Turkey’s ruling coalition lashes out at Turkish-Cypriot president over the Guardian interview
(Updated with comments from AKP spokesman in paragraphs 6, 7)
The leader of the Turkey’s far-right Nationalist Movement Party (MHP) called on Turkish-Cypriot leader Mustafa Akıncı to resign for his comments in an interview with the British daily the Guardian published on Thursday.
Bahçeli said the interview had exposed the scandalous attitude of Akıncı, the president of the Turkish Republic of Northern Cyprus (TRNC), a breakaway state only recognised by Turkey.
“Therefore it is an inevitable and vital responsibility for him to hand over the duty entrusted to him to the will of the Cypriot Turks by immediately resigning from office,” Bahçeli said about Akıncı in a written statement published on Saturday.
“Akıncı and his supporters should not forget that Cyprus is Turkish and will remain Turkish,” Hürriyet daily quoted Bahçeli as saying.
The far-right leader said Akıncı had continuously provoked Turkey’s sensitivities since he had become president in 2015. Bahçeli said it would be more reasonable for the Turkish-Cypriot president to move to the Greek part of the divided island should his disturbances over Turkey continued.
Akıncı has made another statement contrary to the Cypriot Turkish cause, ruling Justice and Development Party (AKP) Spokesman Ömer Çelik said in a series of tweets.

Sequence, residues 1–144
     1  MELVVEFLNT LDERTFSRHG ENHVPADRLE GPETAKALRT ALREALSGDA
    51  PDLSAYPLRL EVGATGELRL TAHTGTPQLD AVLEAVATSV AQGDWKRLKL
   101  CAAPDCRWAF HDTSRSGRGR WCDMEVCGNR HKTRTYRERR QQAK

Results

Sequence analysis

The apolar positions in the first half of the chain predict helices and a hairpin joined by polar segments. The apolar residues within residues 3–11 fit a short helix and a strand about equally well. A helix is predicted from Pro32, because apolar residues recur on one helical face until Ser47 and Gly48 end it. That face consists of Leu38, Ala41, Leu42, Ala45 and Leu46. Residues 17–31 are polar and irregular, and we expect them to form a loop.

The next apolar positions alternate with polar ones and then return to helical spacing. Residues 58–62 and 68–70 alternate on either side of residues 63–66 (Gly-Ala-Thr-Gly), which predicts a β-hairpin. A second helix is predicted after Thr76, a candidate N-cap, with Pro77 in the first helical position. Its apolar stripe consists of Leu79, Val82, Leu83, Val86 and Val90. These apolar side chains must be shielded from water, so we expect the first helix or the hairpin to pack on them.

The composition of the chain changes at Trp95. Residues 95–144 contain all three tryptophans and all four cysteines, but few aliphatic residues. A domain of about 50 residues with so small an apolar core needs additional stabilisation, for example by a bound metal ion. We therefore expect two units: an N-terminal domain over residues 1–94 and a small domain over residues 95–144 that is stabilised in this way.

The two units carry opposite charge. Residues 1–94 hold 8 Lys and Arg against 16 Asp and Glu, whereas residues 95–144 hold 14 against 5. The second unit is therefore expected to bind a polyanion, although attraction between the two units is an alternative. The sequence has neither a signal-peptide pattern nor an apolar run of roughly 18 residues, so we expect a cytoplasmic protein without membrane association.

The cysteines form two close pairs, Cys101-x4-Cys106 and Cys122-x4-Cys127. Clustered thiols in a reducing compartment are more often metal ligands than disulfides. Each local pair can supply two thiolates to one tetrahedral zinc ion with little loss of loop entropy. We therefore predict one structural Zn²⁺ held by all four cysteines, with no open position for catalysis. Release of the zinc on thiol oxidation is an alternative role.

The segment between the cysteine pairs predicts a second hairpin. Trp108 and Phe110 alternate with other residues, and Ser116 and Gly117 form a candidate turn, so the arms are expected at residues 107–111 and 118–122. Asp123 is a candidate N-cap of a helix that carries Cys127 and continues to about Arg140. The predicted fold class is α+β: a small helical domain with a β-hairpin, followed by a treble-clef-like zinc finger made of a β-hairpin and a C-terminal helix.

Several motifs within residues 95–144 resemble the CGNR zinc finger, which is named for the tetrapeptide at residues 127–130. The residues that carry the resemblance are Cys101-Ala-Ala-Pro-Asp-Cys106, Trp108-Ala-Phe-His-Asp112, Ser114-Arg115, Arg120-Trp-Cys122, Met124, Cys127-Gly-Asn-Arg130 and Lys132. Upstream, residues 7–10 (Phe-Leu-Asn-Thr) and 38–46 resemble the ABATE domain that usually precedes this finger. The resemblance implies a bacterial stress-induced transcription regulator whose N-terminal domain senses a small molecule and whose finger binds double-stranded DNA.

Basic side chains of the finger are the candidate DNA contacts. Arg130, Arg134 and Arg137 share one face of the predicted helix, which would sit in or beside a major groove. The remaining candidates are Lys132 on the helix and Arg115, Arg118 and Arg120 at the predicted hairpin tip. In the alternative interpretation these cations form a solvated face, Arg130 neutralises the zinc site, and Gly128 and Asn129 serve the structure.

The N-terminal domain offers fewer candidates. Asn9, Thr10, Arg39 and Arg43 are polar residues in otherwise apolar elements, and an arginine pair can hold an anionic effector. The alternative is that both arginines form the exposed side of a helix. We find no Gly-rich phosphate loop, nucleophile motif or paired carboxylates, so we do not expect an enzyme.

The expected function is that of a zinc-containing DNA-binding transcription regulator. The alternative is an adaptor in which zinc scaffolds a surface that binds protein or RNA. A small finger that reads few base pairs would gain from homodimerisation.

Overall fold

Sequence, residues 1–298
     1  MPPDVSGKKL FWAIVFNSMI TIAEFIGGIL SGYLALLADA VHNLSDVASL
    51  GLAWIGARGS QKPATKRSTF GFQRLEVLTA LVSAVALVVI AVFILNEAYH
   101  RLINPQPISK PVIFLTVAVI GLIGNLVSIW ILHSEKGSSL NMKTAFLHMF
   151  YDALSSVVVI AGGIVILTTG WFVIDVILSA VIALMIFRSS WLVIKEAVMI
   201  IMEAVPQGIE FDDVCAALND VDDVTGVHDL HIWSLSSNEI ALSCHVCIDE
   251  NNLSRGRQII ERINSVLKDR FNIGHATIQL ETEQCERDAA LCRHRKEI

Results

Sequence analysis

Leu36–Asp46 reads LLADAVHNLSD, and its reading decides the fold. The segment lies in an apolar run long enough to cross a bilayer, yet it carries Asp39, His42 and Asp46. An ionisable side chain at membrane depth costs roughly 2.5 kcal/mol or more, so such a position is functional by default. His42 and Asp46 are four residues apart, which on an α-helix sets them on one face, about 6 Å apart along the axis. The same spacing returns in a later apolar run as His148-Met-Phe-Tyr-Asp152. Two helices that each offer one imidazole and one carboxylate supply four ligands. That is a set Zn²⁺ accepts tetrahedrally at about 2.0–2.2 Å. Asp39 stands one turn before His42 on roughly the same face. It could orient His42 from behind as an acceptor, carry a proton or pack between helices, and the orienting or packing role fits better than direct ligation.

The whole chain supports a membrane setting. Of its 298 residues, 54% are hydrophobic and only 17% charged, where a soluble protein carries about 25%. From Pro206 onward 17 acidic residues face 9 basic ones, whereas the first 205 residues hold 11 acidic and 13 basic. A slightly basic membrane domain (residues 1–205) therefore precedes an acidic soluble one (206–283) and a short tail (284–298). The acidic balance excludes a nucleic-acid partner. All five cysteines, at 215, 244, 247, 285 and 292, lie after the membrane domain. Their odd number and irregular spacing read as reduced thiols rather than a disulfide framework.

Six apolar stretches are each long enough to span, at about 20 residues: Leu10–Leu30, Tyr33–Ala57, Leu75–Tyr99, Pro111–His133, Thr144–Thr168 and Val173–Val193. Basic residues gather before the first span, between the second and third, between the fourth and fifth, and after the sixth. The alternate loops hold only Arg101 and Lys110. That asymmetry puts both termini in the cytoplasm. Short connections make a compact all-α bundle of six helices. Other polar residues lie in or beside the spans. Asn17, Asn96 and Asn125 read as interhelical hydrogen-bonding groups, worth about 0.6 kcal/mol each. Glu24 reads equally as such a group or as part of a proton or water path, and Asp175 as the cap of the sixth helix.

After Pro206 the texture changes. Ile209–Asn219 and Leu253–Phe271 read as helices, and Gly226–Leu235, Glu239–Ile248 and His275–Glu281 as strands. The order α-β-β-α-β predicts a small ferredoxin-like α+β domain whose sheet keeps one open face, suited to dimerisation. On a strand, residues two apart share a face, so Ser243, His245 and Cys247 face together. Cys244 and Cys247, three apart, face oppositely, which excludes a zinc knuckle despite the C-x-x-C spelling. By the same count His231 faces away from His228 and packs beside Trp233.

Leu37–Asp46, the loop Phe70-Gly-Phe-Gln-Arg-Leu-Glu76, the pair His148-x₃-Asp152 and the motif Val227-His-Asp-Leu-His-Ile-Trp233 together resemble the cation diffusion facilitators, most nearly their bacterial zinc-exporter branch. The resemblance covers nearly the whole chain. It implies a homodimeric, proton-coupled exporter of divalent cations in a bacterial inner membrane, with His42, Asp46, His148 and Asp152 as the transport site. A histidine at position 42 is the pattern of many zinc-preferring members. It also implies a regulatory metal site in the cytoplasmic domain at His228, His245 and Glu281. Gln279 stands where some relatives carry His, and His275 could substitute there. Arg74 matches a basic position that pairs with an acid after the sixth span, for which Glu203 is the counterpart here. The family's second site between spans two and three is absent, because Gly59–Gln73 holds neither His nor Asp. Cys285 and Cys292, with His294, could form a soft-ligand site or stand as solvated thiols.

“Akıncı must apologise for his disrespect towards the Republic of Turkey and our nation with his statements. We condemn these statements that malign our history’s national achievements and respectable personalities,” Çelik tweeted.
Akıncı said in the interview that the Mediterranean island faced permanent partition of its Greek and Turkish communities unless an agreement was swiftly reached involving an “equitable” federal solution.
If this failed to happen, he said, the north would grow increasingly dependent on Ankara and could end up being swallowed up, as a de facto Turkish province.
Commenting on the possibility of a full military takeover by Turkey, Akıncı was quoted by the Guardian as saying the prospect of a Crimea-style annexation was "horrible."
The island of Cyprus has been divided since 1974 when Turkey invaded the island in response to a coup d'etat backed by Greece's nationalist government at the time.
Turkey still maintains some 35,000 troops in the island's breakaway north, and says that it will not remove its soldiers until a tangible agreement to reunite the island is reached.